There is a reason that when class action settlements are
announced, they are described as preliminary and subject to final approval -
sometimes the settlements fall apart before the case is finally put to rest.
That appears be what has happened with the Schwab YieldPlus subprime-related
securities class action lawsuit.
As discussed here, in April 2010, the parties to the Schwab YieldPlus
securities suit announced a preliminary settlement of the plaintiffs'
securities claims. At the time, the settlement did not include plaintiffs'
separate state law claims. In May 2010, Schwab announced the separate
settlement of the state law claims. The total value of the agreed settlements
was about $235 million.
However, in a November 8, 2010 press release (here), Charles Schwab Corporation announced that it had
notified the plaintiffs in the case that it was invoking the termination
provisions of the settlement agreement and withdrawing from the case.
As reflected in the November 8, 2010 notice of withdrawal
that Schwab filed with the court, a copy of which can be found here, after the parties initially reached their
settlements, the plaintiffs contended that the remained free to pursue certain
state law claims on behalf of non-California residents. The specific claims at
issue are asserted under the California Business & Professions Code Section 17200.
Schwab had contended that the form of judgment agreed
upon as part of the settlement had been designed to release all claims.
However, in an October 14, 2010 order (here), Northern District of California William Alsup,
referring to the Section 17200 claims as "the governance claim," said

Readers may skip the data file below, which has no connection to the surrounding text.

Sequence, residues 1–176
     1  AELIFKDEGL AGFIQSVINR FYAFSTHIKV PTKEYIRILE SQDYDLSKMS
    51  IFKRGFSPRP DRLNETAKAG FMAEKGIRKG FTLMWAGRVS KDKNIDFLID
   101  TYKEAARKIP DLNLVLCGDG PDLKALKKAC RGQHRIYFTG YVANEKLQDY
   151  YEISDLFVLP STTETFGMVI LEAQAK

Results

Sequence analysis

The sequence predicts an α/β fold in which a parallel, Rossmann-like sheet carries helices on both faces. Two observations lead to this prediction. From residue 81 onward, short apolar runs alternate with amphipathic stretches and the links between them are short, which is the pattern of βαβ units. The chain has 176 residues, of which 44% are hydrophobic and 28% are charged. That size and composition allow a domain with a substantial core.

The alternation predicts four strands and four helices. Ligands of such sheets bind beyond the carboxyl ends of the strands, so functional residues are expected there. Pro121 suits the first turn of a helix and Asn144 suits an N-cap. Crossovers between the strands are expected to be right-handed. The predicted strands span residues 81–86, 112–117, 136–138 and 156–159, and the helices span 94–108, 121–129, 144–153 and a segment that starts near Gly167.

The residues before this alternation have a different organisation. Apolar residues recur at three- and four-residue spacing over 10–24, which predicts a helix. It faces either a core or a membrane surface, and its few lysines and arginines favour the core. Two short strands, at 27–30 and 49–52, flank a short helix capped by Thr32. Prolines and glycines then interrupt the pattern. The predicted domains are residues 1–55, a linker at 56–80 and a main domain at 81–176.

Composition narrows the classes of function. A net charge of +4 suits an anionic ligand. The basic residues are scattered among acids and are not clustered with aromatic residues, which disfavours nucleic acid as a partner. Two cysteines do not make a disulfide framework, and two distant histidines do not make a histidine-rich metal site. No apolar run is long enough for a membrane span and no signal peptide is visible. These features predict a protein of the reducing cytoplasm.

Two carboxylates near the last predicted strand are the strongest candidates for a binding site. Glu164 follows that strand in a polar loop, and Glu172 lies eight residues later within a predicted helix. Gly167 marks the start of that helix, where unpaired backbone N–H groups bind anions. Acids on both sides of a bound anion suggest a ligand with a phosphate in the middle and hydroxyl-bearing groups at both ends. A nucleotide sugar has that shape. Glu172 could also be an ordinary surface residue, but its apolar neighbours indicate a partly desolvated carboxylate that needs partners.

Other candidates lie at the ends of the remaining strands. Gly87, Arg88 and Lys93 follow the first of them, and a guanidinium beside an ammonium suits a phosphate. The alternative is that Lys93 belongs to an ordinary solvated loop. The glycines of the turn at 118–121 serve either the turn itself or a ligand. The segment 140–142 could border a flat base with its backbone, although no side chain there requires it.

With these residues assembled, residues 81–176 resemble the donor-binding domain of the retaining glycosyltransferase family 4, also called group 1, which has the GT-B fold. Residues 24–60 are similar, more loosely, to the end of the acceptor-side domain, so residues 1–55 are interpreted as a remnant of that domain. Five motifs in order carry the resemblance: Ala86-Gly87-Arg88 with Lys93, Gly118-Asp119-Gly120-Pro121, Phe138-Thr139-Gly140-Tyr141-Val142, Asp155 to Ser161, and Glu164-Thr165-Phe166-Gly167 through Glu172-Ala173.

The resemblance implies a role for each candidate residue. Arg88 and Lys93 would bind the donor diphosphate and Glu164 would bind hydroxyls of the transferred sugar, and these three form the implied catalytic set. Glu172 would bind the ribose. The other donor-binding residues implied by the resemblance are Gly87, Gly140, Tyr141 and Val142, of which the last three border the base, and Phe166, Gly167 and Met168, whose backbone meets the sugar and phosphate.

that "at no time was the governance claim certified for class treatment
for anyone residing out of California" and he cited language in the
settlement notice that the Section 17200 claims were "not released in the
settlement." He concluded that, as a result, the non-California residents'
claims "were never extinguished by the settlement," and "federal
securities class members residing outside of California are free to sue under
In its motion to withdraw, Schwab commented that it had
"agreed to a generous settlement," but only in exchange for "an
end to all litigation," adding that "now that Plaintiffs have reneged
on the primary consideration Schwab was to receive...Schwab has no choice but to
withdraw from the joint motions for final approval."
It is hard to tell from the outside exactly what happened
here - that is, whether there was some problem or misunderstanding about the
way the release was put together, whether the plaintiffs somehow sandbagged the
defendants, or if there was just some massive misunderstanding with respect to
whether or not all of the Section 17200 claims had been settled.
The conclusion that there is no way to tell from the
outside what is going on is reinforced by Judge Alsup's October 14 order. My
initial instinct was to be sympathetic with Schwab's complaint that it had
thought it was buying complete repose for its millions, but that clearly is not
the conclusion that Judge Alsup reached. All in all, this is a little bit of a
The one thing is clear is that as a result of Judge
Alsup's order, Schwab concluded that it had no choice except to blow up the
settlement. Perhaps that will mean the case will now go forward, but of course
there is always the possibility that the motion to withdraw was a form of